Sequence composition and random forests

Updated: 2013 November 28th

The sequence composition or the nucleotide composition at transcriptional starting sites (TSSs) of mRNAs are biased, i.e. certain nucleotides are preferred. Here I examine the sequence composition at the TSS of the NCBI Reference Sequence Database also known as RefSeq and use random forests to see if it's possible to train a classifier that can identify TSSs from random sequences. This work is done entirely using R and all code hosted on GitHub Gist.

Firstly, let's download the entire collection of RefSeqs using the R Bioconductor package biomaRt and create a data frame with the TSSs. Note that when working with transcripts, use the attributes 'transcript_start' and 'transcript_end', and not the attributes 'start_position' and 'end_position'; using those will give you the Ensembl gene coordinates.

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Combinations and permutations in R

Time to get another concept under my belt, combinations and permutations. While I'm at it, I will examine combinations and permutations in R. As you may recall from school, a combination does not take into account the order, whereas a permutation does. Using the example from my favourite website as of late,

  • A fruit salad is a combination of apples, bananas and grapes, since it's the same fruit salad regardless of the order of fruits
  • To open a safe you need the right order of numbers, thus the code is a permutation

As a matter of fact, a permutation is an ordered combination. There are basically two types of permutations, with repetition (or replacement) and without repetition (without replacement).

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Creating a coverage plot in R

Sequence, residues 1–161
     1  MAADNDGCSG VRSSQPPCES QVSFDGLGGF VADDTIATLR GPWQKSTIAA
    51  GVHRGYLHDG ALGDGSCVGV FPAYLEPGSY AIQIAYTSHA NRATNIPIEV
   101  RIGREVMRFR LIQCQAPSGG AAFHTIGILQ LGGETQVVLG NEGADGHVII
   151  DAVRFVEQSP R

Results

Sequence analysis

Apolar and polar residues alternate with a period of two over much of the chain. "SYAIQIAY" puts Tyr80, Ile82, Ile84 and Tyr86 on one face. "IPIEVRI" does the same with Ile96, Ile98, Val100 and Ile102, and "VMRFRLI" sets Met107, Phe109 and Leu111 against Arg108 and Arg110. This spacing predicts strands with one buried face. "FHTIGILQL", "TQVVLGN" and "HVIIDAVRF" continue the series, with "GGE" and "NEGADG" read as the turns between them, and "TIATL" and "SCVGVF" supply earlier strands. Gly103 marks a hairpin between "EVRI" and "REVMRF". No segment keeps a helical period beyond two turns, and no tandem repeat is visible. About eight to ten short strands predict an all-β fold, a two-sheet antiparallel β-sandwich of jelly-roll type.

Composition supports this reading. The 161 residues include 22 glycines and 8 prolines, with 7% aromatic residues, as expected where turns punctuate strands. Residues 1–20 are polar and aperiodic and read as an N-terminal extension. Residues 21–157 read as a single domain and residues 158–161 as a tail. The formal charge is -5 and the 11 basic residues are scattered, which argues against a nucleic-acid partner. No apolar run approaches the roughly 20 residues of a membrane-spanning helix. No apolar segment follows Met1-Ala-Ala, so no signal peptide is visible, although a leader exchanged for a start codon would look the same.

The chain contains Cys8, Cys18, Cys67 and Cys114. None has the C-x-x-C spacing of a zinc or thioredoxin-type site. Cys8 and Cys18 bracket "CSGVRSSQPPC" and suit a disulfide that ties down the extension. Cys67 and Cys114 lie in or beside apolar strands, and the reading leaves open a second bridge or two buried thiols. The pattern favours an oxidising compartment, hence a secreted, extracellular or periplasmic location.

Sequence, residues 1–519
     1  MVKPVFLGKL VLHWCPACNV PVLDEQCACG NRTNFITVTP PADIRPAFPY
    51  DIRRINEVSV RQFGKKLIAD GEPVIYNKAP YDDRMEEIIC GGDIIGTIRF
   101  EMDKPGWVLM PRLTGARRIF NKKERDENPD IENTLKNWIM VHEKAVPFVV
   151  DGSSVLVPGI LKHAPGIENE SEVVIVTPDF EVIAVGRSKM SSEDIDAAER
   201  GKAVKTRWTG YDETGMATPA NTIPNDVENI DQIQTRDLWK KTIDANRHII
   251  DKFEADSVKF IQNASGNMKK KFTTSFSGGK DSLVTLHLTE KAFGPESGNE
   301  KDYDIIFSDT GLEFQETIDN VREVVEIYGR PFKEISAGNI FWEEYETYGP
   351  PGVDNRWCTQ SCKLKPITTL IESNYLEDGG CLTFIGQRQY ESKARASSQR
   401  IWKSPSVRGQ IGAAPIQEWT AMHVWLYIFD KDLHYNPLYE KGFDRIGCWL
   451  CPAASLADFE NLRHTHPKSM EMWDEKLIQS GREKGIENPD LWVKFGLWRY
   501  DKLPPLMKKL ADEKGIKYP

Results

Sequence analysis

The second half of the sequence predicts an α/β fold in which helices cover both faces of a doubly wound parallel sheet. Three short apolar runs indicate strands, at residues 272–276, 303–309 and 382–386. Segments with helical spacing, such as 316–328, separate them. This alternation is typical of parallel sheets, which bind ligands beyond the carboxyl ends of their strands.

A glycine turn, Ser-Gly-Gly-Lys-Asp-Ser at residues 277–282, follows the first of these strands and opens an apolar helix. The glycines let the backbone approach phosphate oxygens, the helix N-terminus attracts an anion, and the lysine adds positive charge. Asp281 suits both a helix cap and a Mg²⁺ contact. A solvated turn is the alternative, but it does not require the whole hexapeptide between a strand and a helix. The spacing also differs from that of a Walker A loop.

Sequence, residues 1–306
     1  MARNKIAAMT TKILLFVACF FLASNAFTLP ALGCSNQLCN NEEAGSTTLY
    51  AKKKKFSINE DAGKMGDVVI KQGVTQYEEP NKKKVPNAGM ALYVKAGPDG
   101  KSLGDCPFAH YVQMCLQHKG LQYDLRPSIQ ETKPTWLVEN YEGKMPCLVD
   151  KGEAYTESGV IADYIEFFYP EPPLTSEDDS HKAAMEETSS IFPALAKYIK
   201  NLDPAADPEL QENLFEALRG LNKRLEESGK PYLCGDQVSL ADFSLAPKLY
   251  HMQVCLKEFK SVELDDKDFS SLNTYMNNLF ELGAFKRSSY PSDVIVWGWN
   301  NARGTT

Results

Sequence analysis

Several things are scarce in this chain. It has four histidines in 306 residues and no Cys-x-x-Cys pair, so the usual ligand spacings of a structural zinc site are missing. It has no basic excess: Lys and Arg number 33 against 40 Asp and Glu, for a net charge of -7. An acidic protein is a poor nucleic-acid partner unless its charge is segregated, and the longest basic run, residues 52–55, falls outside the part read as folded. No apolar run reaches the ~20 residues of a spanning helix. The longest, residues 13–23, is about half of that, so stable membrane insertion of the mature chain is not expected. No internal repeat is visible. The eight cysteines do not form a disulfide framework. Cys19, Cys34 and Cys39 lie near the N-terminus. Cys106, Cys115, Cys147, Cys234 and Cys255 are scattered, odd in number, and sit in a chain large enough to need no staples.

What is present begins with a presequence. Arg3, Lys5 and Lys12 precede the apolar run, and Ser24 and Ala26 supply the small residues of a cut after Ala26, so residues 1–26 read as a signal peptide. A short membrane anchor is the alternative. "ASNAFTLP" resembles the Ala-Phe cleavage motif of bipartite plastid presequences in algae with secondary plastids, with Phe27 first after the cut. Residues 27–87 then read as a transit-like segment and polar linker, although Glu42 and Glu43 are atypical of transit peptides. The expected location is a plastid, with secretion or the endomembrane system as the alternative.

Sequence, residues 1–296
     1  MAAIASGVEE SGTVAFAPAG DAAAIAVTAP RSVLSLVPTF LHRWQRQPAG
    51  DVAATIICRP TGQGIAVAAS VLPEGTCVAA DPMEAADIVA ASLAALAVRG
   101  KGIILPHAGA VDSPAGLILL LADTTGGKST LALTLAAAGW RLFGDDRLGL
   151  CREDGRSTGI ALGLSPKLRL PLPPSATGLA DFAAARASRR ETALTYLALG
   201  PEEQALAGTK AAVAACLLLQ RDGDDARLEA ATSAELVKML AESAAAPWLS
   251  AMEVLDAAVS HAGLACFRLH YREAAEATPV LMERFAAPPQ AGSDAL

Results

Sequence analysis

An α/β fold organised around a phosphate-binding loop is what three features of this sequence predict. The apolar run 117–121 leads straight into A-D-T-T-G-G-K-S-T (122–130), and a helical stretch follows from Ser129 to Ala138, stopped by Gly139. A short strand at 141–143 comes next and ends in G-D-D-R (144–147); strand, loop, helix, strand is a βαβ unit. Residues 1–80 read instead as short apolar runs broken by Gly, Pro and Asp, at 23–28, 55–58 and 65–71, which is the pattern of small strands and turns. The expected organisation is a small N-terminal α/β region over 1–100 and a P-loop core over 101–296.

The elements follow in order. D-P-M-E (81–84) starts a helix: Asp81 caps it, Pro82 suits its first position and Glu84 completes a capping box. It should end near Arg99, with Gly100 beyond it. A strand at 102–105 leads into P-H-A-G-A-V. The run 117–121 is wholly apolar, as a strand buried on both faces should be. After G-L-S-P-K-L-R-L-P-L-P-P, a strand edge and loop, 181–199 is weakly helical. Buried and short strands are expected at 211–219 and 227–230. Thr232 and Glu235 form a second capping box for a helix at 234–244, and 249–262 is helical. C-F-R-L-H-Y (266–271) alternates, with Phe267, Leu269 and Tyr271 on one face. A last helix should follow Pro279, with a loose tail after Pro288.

Disclaimer (2015 August 5th): as pointed out in this comment thread below, this post created a density plot rather than a coverage plot. I have written a new post that uses BEDTools to calculate the coverage and R to produce an actual coverage plot.

I've recently discovered GitHub Gist, so for this post I'm going to use that to host my code (and all subsequent posts as I see fit). The code was not displaying properly due to some CSS property of the Twenty Ten theme, so I had to update my WordPress theme to Twenty Eleven, which also led me to changing my header image. The photo I used for the header was a shot I took at the summit of Mount Fuji around 06:00 on the 24th August 2013, when the clouds finally cleared a little; I hiked all night to make it to the top to see sunrise but unfortunately the weather was terrible. The photo looks nice, so I thought I'll use it as the header.

Anyway back to the topic; I wanted to create a coverage plot of mapped reads starting from a BAM file. So far I've been using IGV's coverage track to get a visual idea of the coverage. In the past, I've also used bedtools genomecov to generate bedGraph files and the subsequent wig and bigWig files that I would then visualise on the UCSC Genome Browser. How about creating a coverage plot in R (so that I can export it as a postscript file)? Yeah sure, why not. Let's download a BAM file as an example: